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See also: Lull



From Middle English lullen, lollen. Cognate with Scots lul, lule, loll (to lull, put to sleep, howl, caterwaul), Dutch lollen (to sing badly, caterwaul), Dutch lullen (to chatter, prate, cheat, deceive), Low German lullen (to lull), German lullen (to lull), Danish lulle (to lull, sing to sleep), Swedish lulla (to lull), Icelandic lulla (to lull). Originally, perhaps expressive in origin from la-la-la or lu-lu-lu sounds made in calming a child.


  • IPA(key): /lʌl/
    • (file)
  • Rhymes: -ʌl


lull (plural lulls)

  1. A period of rest or soothing.
  2. A period of reduced activity; a respite
  3. (nautical) A period without waves or wind.
    • 1839, The Nautical Magazine and Naval Chronicle for 1839, p. 26:
      […] during the lull, wind shifted to S. E. […]
    • 1875, W. G. Wilson, Report of the Midnapore and Burdwan Cyclone of the 15th and 16th of October 1874, p. 74:
      After the lull the wind does not appear to have blown with any great strength […]
    • 2016, David Houghton and Fiona Campbell, Wind Strategy, not paginated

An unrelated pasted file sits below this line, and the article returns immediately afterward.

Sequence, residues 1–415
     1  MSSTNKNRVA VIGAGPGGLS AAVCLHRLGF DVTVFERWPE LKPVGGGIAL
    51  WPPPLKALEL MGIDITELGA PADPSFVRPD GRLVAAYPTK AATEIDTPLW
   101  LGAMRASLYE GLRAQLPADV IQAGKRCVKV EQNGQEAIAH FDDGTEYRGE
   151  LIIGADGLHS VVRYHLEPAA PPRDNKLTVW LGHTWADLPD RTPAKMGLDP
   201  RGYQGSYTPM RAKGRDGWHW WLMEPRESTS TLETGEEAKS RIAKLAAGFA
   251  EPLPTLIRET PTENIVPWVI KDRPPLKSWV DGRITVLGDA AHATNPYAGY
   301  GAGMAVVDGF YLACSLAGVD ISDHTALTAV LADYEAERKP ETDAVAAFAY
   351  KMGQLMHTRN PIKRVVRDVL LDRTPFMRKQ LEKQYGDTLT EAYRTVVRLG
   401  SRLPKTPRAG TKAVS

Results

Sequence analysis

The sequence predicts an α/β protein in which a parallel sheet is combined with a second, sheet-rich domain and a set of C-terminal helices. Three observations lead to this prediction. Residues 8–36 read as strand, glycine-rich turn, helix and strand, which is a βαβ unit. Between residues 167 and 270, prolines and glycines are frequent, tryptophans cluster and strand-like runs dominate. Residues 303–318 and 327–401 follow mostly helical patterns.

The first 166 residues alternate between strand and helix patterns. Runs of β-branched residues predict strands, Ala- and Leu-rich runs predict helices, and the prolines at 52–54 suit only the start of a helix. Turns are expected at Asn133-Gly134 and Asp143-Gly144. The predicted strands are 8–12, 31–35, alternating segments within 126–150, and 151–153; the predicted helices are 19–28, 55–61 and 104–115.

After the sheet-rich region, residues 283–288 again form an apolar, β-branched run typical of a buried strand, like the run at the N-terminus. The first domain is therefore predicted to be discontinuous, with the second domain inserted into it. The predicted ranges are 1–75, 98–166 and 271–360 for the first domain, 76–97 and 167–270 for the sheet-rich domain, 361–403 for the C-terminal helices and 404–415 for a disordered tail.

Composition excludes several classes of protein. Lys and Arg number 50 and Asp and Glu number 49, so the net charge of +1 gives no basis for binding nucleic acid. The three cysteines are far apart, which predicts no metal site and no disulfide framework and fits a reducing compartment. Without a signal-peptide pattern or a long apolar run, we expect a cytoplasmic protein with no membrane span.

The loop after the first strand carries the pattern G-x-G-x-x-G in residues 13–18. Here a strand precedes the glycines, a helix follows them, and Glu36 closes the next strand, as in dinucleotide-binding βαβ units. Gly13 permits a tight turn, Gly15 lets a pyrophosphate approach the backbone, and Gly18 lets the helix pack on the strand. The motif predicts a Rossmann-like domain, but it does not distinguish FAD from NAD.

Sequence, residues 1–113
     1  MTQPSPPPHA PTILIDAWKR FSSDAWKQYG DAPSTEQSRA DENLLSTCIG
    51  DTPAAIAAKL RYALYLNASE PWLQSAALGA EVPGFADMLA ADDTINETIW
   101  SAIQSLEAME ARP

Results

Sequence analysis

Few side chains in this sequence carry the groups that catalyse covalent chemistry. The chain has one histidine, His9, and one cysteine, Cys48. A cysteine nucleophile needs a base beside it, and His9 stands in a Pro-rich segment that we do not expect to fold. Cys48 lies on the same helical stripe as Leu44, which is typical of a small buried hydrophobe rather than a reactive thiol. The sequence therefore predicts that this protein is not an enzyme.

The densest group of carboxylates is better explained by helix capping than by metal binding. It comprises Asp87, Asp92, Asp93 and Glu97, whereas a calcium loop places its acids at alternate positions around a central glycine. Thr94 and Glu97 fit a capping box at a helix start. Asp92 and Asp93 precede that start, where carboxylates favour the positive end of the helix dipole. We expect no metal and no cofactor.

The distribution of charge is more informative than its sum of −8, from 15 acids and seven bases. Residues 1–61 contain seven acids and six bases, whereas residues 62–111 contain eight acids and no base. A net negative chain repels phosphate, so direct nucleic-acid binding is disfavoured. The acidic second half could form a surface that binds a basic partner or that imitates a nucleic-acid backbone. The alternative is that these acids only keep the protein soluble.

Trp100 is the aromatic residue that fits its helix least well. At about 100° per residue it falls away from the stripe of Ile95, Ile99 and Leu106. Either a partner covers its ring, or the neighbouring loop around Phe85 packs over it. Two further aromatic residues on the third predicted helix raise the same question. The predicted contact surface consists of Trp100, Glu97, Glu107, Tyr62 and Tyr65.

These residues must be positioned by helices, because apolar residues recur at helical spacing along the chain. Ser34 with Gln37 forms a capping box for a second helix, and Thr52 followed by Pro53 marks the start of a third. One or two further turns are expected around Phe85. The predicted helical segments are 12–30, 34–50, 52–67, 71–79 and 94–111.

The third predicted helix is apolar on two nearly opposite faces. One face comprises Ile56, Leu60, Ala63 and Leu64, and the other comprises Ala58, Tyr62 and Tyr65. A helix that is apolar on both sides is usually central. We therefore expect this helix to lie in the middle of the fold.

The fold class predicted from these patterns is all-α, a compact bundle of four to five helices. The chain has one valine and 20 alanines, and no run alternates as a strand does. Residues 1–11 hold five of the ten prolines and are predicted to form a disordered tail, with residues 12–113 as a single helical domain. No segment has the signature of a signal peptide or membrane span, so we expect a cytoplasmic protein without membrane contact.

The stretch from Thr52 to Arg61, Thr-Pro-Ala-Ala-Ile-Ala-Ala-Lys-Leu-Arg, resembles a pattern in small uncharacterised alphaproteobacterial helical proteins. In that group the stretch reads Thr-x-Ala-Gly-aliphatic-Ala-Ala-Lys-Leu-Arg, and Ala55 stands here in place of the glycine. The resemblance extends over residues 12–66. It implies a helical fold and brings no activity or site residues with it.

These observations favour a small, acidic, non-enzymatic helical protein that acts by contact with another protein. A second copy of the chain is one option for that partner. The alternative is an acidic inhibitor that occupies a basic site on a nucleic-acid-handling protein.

The air under each cloud has spent time near the surface, has been slowed and backed by friction—it is a lull.
  4. (surfing) An extended pause between sets of waves.
    • 1992, John Warlaumont, The Noaa Diving Manual, p. 19-19
      It is advisable to leave the surf zone during the lull between sets of larger waves, waiting outside the surf zone for a lull.
    • forum (password needed)
      About 2 hours in, a long lull cleared everyone out, and then it started getting a little more consistent and pushing chest ta neck high.



Holding in one's arms is a common technique to lull into sleep.

lull (third-person singular simple present lulls, present participle lulling, simple past and past participle lulled)

  1. (transitive) To cause to rest by soothing influences; to compose; to calm
    Synonyms: soothe, quiet
    • (Can we date this quote by Spenser and provide title, author’s full name, and other details?)
      to lull him soft asleep
    • 1634, John Milton, “Arcades”, in Poems of Mr. John Milton, [] , London: Printed by Ruth Raworth for Humphrey Moſely,  [], published 1645, OCLC 606951673, page 54:
      Such ſweet compulſion doth in muſick ly, / To lull the daughers of Neceſſity,
  2. (intransitive) To become gradually calm; to subside; to cease or abate.
    The storm lulled.

Derived terms[edit]